We’ve seen a lot of  ads for whitening creams and surgical ‘enhancements’ of eyes and noses here in Bangkok. Go to the pharmacy and you’ll see a whole section dedicated to skin whitening creams. You’ll often see women walking around with parasols or umbrellas to hide their faces from the sun; the prejudice here is that the paler you are, the more attractive. Shame.

skin whitening cream


The Skytrain, or ‘BTS’ as people call it is a great way to get around the city and people should organize their stays around it. A bit strange though; you go to the counter to tell them where you want to go and they won’t give you a ticket – they’ll tell you how much it costs, give you change, and direct you to the ticket machines. The cost varies by the number of stations you go.


We’ve stayed in an apartment building and the security guards do a lot of saluting. One old man gives us the royal salute while clicking his shoes at the same time. Is it because of the new military government? Never experienced that in Thailand before.


We’re happy to be in Thailand but looking forward to moving on. Next stop: Hua Hin.


Always appreciate any comments, feedback, or tips. Thanks for reading!



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  1. Skin whitener is found in all kinds of products in southeast Asia even though there is a lot of debate about how good it is for you.
    Otherwise, BBQ Boy and Spanky, I think it’s time for you to head to Chiang Mai.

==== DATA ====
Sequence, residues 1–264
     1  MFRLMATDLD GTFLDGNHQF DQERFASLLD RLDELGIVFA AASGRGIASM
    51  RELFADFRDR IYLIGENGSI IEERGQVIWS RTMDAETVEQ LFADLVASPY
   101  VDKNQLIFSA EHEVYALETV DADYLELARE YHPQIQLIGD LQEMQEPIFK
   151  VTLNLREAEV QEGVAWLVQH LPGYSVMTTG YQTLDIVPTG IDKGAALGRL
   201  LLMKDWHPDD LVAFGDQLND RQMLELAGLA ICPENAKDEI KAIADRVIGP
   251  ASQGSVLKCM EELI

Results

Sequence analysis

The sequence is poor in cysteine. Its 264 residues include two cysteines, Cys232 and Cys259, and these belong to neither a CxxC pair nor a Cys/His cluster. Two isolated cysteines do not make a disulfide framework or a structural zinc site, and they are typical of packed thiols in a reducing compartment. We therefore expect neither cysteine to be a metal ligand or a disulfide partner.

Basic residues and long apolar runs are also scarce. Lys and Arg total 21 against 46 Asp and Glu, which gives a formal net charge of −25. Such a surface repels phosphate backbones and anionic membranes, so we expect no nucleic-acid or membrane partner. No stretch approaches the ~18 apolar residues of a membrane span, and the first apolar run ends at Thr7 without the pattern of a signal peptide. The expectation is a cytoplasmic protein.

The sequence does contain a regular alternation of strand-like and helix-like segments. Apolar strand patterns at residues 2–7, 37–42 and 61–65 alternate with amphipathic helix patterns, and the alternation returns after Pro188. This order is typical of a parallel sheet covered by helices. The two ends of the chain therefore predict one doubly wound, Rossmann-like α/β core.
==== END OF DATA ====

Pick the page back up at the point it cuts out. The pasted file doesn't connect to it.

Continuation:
Maria Falvey recently posted…Wordless Wednesday – Bookie Tip?My Profile

    • Frank (bbqboy) says:

      Hey Maria – yeah, look what it did to Michael Jackson.
      Seriously though, doesn’t it set a bad example when celebrities or higher classes feel they’ll get further ahead with paler skin? And these companies, like Nivea, just capitalizing on it while pushing that paler is better. You’d be amazed by the huge section dedicated to whitening creams in Bangkok.
      Yes, we’ll eventually get to CM. Have been there a few times, we’ve just wanted to explore other places before going.
      Thanks for the comment Maria.

  2. You had me laughing at the electrical wiring and hysterical by how you do change the way you talk. I still like Bangkok, we were there earlier this year. As we stay in the same area, we now get ‘you back now’ and that is sort of nice. It is frenetic, dirty yet still friendly. Scamming and Bangkok go hand in hand – its just the way it is. We noticed a little more desperation this year as the military camps were set up all over town. But, when we return the same people will be in the same shops, the same yuk yuk drivers will conspire to rip you off. Enjoy Hua HIn
    Paula recently posted…The Paris Metro is a Tourist Destination in ItselfMy Profile

    • Frank (bbqboy) says:

      Agree with everything you say Paula. And it is a fun place to let loose – but 3 weeks is too much. Looking forward to tranquility and nature.

  3. An great insight.

    A BBQ chicken walking through a pack of stray dogs – 555.

    Five in Thai is ‘HA’ hence 555.

    • Frank (bbqboy) says:

      Thanks Stephen. The Thai girls pretty but not much in the boob and butt department. I guess like anything, anywhere we always gawk when we see something different!

  4. Oh my God! I love the video. It is so refreshingly honest.. I love her! I was cracking up, because l am positive l would be as irritated with my husband. Every one says we have to visit Bangkok, but truthfully, l have no interest in it. I just can’t bring myself to get excited about being there or India. I always say the same thing. If l want dirty, overcrowded etc..etc.. I will just go back home for a visit! :o) . On holiday, l want to go to nice places, call me crazy!!!